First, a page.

Gulf of Amvrakikos
Ionian Dolphin Project: Protecting Dolphins in Western Greece
The region around the island of Kalamos in the inner archipelago of the Ionian Sea was once famous for its rich biodiversity. Nearly 150 common dolphins were known to live there in the early 1990s. Then the fish stocks were depleted and the dolphins disappeared. In 1991 Tethys Research Institute started a long-time study on common dolphin ecology and behaviour in the region. The scientists witnessed the collapse of the population. A joint study by OceanCare and Tethys proved that industrial fisheries had deprived the dolphins of their prey, and that the fishing methods had badly damaged the local ecosystem. In May 2010 the Government of Greece finally implemented the EU’s ban on beach seining.
Another population of around 150 bottlenose dolphins north of Kalamos, in the Gulf of Amvrakikos, is more stable and has been monitored by OceanCare and Tethys since 2001. Yet, their situation is also tenuous. The dolphins rarely leave the 400 km² basin that is connected to the Ionian Sea only through a narrow channel. As a result, they are dependent on the quality of their limited habitat. As part of a National Park, the Gulf of Amvrakikos has been largely unaffected by the fishing industry, leaving plenty of food available for the dolphins. Water pollution is the critical issue the dolphin face. Untreated wastewater from fish farms, nearby villages and agricultural facilities has been causing excess fertilisation of the water, making it ever more cloudy and oxygen-deficient. This is suffocating the entire ecosystem and all of its living beings; an urgent situation that needs to be averted.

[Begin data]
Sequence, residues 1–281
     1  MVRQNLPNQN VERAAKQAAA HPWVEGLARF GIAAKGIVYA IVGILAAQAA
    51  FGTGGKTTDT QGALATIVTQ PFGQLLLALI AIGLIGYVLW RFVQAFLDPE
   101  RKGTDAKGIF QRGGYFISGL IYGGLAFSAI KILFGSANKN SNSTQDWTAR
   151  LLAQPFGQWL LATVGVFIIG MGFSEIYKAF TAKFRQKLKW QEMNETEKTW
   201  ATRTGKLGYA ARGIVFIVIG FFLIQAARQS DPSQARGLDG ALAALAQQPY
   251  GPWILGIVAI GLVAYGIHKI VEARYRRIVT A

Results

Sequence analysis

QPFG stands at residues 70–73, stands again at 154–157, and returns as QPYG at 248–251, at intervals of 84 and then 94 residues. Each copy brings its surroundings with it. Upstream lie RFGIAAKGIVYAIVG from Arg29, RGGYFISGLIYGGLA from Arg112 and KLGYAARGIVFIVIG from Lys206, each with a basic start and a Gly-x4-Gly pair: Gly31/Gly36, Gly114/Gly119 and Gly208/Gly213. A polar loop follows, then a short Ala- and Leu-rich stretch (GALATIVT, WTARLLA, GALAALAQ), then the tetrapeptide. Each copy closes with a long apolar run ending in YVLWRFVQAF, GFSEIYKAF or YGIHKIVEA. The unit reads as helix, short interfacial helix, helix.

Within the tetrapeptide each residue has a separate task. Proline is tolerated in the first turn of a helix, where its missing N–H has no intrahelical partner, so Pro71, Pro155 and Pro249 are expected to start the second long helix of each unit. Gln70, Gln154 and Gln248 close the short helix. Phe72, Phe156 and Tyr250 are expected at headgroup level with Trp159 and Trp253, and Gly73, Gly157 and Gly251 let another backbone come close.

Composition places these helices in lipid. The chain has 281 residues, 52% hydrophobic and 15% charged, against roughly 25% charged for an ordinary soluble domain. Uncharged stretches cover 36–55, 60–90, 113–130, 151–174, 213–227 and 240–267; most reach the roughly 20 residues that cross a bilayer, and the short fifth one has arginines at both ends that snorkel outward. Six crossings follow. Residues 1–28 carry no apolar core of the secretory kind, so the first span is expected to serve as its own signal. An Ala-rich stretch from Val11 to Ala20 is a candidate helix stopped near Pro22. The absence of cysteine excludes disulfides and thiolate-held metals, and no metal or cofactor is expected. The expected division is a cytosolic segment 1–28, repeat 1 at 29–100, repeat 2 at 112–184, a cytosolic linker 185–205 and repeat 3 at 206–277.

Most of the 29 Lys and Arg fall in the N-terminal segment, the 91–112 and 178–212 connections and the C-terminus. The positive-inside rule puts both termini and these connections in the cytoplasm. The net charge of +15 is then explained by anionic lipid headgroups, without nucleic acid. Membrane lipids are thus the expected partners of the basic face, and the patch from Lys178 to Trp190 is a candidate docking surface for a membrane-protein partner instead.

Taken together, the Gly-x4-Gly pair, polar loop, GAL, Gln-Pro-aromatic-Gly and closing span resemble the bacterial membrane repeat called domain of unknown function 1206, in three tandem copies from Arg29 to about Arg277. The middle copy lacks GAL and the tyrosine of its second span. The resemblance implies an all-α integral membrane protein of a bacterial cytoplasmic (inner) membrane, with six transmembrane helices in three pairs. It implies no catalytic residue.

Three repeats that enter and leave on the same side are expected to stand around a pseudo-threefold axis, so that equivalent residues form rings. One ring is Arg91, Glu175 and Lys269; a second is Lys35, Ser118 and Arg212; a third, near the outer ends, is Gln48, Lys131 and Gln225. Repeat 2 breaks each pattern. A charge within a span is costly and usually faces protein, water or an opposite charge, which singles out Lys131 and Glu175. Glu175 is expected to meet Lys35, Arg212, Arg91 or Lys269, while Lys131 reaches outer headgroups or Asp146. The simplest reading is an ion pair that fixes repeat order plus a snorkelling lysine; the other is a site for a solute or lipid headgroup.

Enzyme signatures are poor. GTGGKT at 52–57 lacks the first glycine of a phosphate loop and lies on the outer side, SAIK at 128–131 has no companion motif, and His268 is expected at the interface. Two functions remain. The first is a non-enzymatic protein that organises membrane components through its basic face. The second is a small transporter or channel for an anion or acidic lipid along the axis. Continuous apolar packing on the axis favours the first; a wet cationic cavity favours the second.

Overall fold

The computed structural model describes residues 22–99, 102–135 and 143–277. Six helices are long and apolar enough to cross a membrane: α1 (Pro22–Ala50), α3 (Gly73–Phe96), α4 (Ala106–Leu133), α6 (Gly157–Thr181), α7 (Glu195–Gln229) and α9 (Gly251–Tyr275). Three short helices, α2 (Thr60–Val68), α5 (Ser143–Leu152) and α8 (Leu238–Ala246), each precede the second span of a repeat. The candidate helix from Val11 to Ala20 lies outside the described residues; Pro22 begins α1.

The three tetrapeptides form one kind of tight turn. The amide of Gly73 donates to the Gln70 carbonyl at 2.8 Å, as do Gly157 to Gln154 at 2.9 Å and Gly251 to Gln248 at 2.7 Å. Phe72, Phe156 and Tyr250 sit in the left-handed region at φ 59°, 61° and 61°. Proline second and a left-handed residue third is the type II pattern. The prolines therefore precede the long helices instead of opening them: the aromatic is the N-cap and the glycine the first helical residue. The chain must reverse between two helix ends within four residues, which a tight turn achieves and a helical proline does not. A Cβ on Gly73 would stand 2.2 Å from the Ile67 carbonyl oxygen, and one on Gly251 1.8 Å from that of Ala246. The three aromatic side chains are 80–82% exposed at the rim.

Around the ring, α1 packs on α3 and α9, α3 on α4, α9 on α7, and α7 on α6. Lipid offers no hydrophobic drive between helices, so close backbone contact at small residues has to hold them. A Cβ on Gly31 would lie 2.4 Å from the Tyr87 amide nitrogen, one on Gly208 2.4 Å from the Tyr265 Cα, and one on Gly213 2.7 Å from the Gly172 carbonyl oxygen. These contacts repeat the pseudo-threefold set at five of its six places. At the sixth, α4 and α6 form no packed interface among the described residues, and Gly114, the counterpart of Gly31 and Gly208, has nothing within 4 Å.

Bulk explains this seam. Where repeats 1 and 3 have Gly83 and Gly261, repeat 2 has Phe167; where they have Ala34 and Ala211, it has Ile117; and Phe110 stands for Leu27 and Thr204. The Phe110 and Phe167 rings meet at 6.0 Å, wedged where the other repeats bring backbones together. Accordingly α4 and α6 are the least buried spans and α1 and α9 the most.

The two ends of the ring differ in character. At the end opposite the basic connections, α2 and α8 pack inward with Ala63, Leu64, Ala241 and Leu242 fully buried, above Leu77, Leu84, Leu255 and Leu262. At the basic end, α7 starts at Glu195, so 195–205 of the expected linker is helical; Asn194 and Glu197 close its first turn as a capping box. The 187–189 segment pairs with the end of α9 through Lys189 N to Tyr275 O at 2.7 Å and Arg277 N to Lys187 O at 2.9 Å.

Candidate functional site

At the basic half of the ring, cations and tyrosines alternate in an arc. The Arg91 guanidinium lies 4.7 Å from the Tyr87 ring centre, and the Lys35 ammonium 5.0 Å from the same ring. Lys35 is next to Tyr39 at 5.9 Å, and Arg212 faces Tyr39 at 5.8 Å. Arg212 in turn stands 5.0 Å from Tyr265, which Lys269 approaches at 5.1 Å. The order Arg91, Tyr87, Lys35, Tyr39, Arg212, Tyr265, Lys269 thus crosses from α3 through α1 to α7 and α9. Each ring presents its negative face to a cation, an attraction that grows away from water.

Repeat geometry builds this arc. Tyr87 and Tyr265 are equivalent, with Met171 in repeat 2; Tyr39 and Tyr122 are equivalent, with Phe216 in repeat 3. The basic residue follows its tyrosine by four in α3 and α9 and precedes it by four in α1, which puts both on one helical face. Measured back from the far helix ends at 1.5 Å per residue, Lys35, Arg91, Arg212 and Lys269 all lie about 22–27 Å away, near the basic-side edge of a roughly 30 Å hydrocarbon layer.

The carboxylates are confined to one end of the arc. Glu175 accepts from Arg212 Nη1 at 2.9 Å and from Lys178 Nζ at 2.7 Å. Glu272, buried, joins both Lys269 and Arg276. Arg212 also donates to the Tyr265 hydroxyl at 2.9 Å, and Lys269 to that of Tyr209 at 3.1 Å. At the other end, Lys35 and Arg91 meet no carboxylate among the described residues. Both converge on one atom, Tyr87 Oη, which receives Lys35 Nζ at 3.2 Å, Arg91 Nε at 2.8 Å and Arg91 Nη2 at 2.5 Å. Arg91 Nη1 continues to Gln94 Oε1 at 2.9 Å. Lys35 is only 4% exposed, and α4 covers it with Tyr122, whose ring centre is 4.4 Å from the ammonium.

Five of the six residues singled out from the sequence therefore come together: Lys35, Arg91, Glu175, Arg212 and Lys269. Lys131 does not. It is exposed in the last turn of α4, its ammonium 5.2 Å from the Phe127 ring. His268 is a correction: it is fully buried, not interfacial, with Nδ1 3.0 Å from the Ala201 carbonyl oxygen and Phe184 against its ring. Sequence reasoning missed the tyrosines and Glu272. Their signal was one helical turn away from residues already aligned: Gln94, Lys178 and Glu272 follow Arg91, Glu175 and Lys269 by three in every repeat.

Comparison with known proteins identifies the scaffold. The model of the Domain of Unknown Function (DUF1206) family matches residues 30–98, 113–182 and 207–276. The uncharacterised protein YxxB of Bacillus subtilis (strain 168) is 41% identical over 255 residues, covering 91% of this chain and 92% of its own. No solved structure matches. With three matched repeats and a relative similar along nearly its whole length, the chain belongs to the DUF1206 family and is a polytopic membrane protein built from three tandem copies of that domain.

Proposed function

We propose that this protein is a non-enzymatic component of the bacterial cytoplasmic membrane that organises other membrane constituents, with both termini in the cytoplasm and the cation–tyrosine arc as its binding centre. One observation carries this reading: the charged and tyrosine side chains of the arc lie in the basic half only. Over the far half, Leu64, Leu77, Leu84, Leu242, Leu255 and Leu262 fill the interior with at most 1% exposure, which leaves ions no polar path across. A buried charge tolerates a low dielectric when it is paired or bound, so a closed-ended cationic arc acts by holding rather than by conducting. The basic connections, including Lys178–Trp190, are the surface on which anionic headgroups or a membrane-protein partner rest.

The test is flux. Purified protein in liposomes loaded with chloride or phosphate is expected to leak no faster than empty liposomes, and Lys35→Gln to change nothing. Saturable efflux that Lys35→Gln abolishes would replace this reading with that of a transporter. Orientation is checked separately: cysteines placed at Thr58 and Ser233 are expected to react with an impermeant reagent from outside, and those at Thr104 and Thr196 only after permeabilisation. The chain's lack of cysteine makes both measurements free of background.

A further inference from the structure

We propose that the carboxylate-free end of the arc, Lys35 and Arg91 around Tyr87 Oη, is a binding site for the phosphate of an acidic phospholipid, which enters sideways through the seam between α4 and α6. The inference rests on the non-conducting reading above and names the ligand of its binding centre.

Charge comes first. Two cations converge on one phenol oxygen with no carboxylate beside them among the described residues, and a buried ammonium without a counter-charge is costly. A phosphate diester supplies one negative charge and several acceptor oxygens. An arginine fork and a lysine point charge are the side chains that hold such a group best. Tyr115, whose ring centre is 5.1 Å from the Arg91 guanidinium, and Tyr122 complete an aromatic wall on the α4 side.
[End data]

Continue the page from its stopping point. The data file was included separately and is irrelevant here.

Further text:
Important Engagement with the Local Population
For many years, the researchers have maintained close contact with the local inshore fishermen. Now these fishermen are reporting important observations at sea, and are interested in stewardship of the marine habitat. The fishermen of Kalamos, for instance, have voluntarily agreed to increase the mesh size of their nets and to spare fish during the spawning season.
Lectures at schools and “Dolphin Days” are some of the public outreach activities OceanCare and Tethys use to raise awareness in local communities about the ecological relationships in their marine environment and about the need for dolphin protection. Local school boards plan to incorporate the lectures in their curricula. Greek media are constantly reporting on the research activities.
Research participants help maintain the important conservation work carried out in Western Greece, by funding the Ionian Dolphin Project. Aboard the ocean-going inflatable crafts, they carry out important observation work and identify the surveyed dolphins through individual photo-identification. This data provides crucial information on the size and development of populations around Kalamos and in the Gulf of Amvrakikos. Encounters with dolphins in the wild will leave research participants with unforgettable memories.
Dates and Facts
Residing in the research station in Vonitsa
Conducting research aboard an inflatable craft
Course language: English
Participants: 5 per week
Dates, costs & reservation 2017: Ionian Dolphin Project